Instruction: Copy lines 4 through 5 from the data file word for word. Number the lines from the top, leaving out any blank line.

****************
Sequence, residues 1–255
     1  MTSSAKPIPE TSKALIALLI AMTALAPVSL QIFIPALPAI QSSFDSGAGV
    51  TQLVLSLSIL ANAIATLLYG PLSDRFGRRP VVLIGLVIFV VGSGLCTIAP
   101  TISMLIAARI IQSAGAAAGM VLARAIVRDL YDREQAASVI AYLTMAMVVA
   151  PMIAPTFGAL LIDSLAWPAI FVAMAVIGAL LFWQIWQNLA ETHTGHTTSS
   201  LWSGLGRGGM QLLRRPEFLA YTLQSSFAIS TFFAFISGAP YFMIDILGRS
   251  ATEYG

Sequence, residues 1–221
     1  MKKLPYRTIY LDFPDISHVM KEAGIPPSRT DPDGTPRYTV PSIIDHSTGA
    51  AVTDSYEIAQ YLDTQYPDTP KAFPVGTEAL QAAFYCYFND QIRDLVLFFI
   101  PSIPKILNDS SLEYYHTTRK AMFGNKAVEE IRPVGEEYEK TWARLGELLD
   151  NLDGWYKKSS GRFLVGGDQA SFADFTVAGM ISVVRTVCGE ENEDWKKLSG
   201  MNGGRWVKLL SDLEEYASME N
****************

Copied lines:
   101  TISMLIAARI IQSAGAAAGM VLARAIVRDL YDREQAASVI AYLTMAMVVA
   151  PMIAPTFGAL LIDSLAWPAI FVAMAVIGAL LFWQIWQNLA ETHTGHTTSS